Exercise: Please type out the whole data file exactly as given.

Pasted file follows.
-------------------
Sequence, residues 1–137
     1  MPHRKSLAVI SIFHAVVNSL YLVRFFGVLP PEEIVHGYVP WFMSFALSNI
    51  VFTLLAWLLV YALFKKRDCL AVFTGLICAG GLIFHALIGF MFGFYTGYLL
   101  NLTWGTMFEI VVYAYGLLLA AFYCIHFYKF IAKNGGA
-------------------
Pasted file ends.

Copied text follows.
Sequence, residues 1–137
     1  MPHRKSLAVI SIFHAVVNSL YLVRFFGVLP PEEIVHGYVP WFMSFALSNI
    51  VFTLLAWLLV YALFKKRDCL AVFTGLICAG GLIFHALIGF MFGFYTGYLL
   101  NLTWGTMFEI VVYAYGLLLA AFYCIHFYKF IAKNGGA